Thomas Jefferson Papers

To Thomas Jefferson from David Jackson, Jr., 19 July 1802

From David Jackson, Jr.

Philada. July 19th. 1802

Honored Sir

By the decease of the late worthy Mr Vancleve, a vacancy takes place in the board of Commissioners of Bankruptcy, an appointment to which vacancy if not already made would confer a perpetual obligation upon me—

I have communicated this my application to no person, highly disapproving the practice of many in procuring names recommendatory of their appointment—

I am personally known to a large proportion of our leading republican friends, also well known to the present commissioners of Bankruptcy, particularly Mr. Sergeant, who was a fellow collegian of mine. I am settled with a wife & family around me, in the pursuit of a mercantile occupation for a livelihood, and were I to suggest my intentions to my friends Governor McKean, or Mr Charles Thomson, who is an uncle of mine by marriage, I have no doubt, but that I could have procured every recommendation I could wish; but respected Sir, I wish my Integrity & Character to be my sole recommendation

ever your friend

David Jackson

Son of the late Dr David Jackson.

RC (DNA: RG 59, LAR); endorsed by TJ as received 25 July and “to be Commr. bkrptcy Phila” and so recorded in SJL.

David Jackson, Jr. (d. 1808) was the eldest son of Dr. David Jackson, with whom TJ had regularly conducted financial transactions and sometimes purchased medicines. His mother was probably Jane Mather Jackson, of Chester, Pennsylvania, whom his father married in 1770, the widow of his brother Dr. Paul Jackson. After her death, David Jackson married Susanna Kemper, with whom he had nine children. David Jackson, Jr., graduated from the University of Pennsylvania in 1794 and received a graduate degree nine years later. In 1800, he married Rebecca Clarkson and entered the family apothecary business as a wholesale and retail druggist with his own store. After the death of his father in 1801, his stepmother formed a partnership with Dr. Samuel Betton to carry on the business. The Betton & Jackson partnership dissolved in 1803, when David Jackson announced to his friends and customers and to those “of his late father” that business would be conducted at Arch and Fourth streets, the site of his father’s establishment, “in conjunction with his father’s widow,” under the firm of David and S. Jackson. Governor McKean appointed Jackson to Philadelphia’s Board of Health in 1804. In 1807, he was elected a director of the Philadelphia Bank (John Hill Martin, Chester (and Its Vicinity,) Delaware County, in Pennsylvania; with Genealogical Sketches of Some Old Families [Philadelphia, 1877], 129–30; W. J. Maxwell, comp., General Alumni Catalogue of the University of Pennsylvania: 1917 [Philadelphia, 1917], 24; DAB description begins Allen Johnson and Dumas Malone, eds., Dictionary of American Biography, New York, 1928–36, 20 vols. description ends , 9:538–9; Pa. Arch. description begins Samuel Hazard and others, eds., Pennsylvania Archives. Selected and Arranged from Original Documents in the Office of the Secretary of the Commonwealth, Harrisburg, 1852–1935, 119 vols. description ends , 2d ser., 9:575; Philadelphia Gazette, 16 Apr. 1800; Poulson’s American Daily Advertiser, 25 Sep., 30 Oct. 1801; 15 July 1803; 11 July, 18 Nov. 1808; Philadelphia Aurora, 20 Apr. 1804; United States’ Gazette, 26 Apr. 1806; 10 Feb. 1807; MB description begins James A. Bear, Jr., and Lucia C. Stanton, eds., Jefferson’s Memorandum Books: Accounts, with Legal Records and Miscellany, 1767–1826, Princeton, 1997, The Papers of Thomas Jefferson, Second Series description ends , 2:935, 986, 1016; Vol. 32:405n, 415–16; Vol. 34:375n, 581, 582n; Vol. 36:216n, 482, 693).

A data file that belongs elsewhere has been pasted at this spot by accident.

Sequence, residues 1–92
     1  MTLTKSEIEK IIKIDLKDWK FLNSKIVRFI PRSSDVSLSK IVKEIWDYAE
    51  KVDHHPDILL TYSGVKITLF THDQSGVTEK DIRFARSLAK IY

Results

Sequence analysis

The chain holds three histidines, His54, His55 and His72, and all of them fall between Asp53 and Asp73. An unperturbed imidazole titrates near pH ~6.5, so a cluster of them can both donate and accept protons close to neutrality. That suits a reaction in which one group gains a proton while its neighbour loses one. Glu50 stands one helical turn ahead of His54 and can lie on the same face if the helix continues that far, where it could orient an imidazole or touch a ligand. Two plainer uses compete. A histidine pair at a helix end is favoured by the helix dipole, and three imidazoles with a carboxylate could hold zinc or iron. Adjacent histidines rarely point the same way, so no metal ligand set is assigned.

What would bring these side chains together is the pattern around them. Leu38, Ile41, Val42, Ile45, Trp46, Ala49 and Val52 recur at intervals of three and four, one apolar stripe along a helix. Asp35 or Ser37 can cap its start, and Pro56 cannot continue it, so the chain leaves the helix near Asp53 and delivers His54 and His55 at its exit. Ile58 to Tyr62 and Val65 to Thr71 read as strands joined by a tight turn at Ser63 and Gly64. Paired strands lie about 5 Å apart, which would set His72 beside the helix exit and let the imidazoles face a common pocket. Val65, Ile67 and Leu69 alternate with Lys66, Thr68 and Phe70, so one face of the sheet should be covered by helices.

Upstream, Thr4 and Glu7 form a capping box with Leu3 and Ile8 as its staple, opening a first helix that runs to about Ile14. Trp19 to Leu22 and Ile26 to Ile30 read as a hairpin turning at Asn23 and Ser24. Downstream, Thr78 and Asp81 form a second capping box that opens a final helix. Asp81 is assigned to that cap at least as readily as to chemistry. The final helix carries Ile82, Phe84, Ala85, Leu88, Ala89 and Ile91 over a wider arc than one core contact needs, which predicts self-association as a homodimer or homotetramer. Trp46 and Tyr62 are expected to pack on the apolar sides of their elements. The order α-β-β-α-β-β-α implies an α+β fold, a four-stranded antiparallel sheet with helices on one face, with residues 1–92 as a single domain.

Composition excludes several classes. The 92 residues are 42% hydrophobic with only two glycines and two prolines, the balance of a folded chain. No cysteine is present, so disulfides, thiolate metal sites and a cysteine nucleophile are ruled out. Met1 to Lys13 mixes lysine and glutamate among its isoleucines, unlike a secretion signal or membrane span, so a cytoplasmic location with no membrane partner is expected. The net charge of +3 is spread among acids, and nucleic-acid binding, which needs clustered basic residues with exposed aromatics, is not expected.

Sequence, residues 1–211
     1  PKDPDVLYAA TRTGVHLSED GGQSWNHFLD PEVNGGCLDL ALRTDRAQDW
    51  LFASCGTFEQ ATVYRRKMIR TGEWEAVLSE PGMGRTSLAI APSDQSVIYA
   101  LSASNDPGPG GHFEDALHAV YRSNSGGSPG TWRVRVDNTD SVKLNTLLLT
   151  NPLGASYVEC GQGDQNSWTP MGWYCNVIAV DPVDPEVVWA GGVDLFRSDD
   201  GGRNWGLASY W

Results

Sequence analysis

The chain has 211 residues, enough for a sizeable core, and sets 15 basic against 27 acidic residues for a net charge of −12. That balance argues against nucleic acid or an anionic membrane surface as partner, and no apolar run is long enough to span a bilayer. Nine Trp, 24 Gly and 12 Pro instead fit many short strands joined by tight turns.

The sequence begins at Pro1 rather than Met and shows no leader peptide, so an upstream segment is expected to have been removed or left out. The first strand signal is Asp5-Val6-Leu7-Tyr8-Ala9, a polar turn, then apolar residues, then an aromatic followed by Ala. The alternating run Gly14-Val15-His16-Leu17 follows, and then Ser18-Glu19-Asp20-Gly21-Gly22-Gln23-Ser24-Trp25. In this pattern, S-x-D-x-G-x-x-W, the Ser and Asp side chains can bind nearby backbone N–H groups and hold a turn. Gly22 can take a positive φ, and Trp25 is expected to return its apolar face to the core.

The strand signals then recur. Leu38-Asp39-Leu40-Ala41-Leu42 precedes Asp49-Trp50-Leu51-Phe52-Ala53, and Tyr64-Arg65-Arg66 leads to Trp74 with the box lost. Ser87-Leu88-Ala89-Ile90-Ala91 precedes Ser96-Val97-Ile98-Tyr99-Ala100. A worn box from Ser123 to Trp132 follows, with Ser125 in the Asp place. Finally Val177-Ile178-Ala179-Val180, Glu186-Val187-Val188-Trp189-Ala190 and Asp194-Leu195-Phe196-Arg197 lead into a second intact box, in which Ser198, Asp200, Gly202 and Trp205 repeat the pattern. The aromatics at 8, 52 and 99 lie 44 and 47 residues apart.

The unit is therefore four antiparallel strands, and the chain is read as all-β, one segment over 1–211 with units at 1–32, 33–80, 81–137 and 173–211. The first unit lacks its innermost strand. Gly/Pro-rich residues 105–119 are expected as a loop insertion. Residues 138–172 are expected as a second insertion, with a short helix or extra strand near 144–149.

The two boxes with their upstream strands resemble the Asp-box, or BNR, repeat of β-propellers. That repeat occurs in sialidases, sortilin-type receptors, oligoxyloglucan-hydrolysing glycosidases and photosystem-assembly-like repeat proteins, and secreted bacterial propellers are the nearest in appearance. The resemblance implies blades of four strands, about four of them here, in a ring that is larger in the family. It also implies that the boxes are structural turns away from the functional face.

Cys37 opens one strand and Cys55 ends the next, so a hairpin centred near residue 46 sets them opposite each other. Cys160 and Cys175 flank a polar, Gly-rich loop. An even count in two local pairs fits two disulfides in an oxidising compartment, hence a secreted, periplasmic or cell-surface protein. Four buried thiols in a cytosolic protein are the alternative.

FELLOW COLLEGIAN OF MINE: John Sergeant studied at the University of Pennsylvania before attending the College of New Jersey at Princeton, from which he graduated in 1795 (Biog. Dir. Cong. description begins Biographical Directory of the United States Congress, 1774–1989, Washington, D.C., 1989 description ends ). UNCLE OF MINE BY MARRIAGE: Charles Thomson’s first wife Ruth Mather was the sister of Jane Mather Jackson (DAB description begins Allen Johnson and Dumas Malone, eds., Dictionary of American Biography, New York, 1928–36, 20 vols. description ends ; Martin, Chester, 129–30).

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